The Great Debate UK

from Anatole Kaletsky:

It ain’t over yet: Last-minute promises to Scotland will scar the UK

Britain's Prime Minister David Cameron delivers a speech at the Aberdeen Exhibition and Conference Centre in Aberdeen, Scotland

Astonishing as it was to contemplate the breakup of Europe’s most stable nation-state threatened by last week’s Scottish referendum, we now have an even more extraordinary possibility. In the days since the Scottish voters rejected secession 55 percent to 45 percent, a new threat has suddenly appeared to blight Britain’s political and economic prospects for years ahead. It now looks like Britain may be dissolved by one rogue opinion poll.

The YouGov survey, released shortly before the referendum, found nationalists overtaking the unionists for the first time. (And, as it turned out, the last time.) This triggered total panic among Britain’s establishment politicians.

The outcome was a signed statement on the front page of the Scottish Daily Record by Prime Minister David Cameron, along with the leaders of Britain’s Labour and Liberal Democrat parties, promising immediate legislation to give the Scottish Parliament almost complete control over income tax, health and welfare policies -- on top of the autonomy it already enjoys. They also issued a permanent commitment to channel £1,700 more per head in government spending to Scotland than to England, despite per-capita incomes that are approximately the same.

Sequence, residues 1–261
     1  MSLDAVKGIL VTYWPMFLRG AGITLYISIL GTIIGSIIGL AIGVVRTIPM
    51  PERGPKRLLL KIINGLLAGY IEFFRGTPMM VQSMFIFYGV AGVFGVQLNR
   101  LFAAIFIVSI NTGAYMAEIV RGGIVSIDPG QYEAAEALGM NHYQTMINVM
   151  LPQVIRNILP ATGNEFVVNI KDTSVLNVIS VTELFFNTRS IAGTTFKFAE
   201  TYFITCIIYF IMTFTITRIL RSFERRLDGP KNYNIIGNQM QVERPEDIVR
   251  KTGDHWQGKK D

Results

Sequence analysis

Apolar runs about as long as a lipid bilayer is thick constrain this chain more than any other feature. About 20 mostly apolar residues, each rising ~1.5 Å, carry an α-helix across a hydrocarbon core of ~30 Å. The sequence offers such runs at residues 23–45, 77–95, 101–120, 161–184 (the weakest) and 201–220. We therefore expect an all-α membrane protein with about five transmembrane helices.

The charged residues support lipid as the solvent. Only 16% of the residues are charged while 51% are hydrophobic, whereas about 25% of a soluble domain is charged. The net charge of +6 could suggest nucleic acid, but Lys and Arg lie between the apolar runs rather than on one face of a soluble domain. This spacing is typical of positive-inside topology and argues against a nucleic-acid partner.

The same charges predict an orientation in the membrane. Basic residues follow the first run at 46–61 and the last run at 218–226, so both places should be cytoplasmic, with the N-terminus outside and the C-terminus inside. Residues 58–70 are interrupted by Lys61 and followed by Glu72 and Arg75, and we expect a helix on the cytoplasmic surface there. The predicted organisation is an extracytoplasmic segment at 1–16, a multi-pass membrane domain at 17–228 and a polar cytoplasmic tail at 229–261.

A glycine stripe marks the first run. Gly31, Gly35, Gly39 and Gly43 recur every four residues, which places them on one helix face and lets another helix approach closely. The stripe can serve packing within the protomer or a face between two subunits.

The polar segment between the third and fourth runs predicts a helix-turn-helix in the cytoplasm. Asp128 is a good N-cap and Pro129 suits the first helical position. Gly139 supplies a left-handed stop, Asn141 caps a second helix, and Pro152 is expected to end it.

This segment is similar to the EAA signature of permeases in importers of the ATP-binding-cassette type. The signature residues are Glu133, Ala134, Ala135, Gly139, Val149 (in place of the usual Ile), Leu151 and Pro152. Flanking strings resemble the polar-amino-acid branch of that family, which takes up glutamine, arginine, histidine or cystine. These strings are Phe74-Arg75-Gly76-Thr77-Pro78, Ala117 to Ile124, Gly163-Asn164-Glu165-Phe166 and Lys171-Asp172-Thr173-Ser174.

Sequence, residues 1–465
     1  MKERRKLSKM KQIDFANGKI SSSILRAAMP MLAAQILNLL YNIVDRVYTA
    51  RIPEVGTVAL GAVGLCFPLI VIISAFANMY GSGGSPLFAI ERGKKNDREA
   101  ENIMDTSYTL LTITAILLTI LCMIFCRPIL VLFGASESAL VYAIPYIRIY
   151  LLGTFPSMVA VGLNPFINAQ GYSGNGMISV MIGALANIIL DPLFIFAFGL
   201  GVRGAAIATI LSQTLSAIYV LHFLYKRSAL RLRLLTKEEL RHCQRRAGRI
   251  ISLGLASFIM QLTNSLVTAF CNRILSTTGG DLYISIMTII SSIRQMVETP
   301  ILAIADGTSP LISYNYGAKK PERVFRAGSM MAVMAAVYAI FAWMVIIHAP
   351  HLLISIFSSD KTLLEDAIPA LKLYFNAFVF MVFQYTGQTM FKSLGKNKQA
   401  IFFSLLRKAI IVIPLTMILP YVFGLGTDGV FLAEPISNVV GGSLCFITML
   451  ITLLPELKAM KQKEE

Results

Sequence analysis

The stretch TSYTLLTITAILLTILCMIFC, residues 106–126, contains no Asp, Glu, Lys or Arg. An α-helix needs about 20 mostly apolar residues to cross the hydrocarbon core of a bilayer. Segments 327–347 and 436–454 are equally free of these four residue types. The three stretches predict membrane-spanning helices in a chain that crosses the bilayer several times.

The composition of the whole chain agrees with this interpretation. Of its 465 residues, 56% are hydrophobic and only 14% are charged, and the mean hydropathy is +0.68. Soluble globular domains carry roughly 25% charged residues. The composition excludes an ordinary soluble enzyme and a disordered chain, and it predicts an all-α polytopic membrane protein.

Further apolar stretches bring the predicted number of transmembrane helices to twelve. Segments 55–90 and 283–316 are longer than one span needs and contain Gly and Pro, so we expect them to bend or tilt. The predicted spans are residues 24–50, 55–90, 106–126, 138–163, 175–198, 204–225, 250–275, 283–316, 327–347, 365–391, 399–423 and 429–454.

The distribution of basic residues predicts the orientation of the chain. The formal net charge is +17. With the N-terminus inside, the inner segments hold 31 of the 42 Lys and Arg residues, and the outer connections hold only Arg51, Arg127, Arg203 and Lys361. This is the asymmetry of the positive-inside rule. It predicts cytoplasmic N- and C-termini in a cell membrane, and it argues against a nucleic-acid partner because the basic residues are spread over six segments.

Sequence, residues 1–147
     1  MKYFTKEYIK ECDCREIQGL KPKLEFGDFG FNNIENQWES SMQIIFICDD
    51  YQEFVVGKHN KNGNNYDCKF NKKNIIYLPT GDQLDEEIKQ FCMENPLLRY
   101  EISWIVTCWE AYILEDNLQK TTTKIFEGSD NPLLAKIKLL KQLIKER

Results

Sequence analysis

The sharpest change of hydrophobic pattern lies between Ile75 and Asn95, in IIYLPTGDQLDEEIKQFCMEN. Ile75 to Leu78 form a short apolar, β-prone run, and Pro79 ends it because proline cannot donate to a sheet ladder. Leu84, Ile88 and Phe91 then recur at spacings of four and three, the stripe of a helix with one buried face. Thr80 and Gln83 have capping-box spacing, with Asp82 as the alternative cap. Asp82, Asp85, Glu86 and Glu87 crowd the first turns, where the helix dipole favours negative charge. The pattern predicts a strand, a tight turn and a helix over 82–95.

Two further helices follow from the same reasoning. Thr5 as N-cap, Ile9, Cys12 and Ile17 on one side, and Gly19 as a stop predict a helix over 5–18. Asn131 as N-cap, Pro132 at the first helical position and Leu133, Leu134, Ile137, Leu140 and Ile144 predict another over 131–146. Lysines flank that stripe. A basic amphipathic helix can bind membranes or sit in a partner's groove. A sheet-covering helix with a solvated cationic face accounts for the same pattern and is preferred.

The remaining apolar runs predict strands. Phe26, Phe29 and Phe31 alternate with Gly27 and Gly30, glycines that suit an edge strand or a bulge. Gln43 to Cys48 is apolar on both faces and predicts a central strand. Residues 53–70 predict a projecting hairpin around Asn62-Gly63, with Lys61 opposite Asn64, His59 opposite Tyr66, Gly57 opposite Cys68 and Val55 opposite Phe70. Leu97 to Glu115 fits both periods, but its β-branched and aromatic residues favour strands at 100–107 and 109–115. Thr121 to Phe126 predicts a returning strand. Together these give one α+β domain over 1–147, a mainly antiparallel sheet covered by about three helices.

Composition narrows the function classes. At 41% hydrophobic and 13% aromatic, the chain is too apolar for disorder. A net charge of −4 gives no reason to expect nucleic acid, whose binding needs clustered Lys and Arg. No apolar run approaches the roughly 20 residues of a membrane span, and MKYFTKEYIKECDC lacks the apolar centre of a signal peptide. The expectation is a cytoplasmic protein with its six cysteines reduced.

Deflated "Yes" campaign balloons lie on the grass in George Square after Scotland voted against becoming an independent country, in GlasgowBy signing the statement, Cameron and the other party leaders opened a Pandora’s Box of political and economic controversies that are certain to destabilize British politics. Businesses and investors who have viewed Britain as the most politically predictable and stable nation in Europe are in for a shock.

Why Scottish independence matters for Europe

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Should the EU head honchos in Brussels be quaking in their boots at the prospect of a less United Kingdom come September 18? The repercussions of a yes vote could cause a domino effect that may eventually lead to the break-up of the European Union.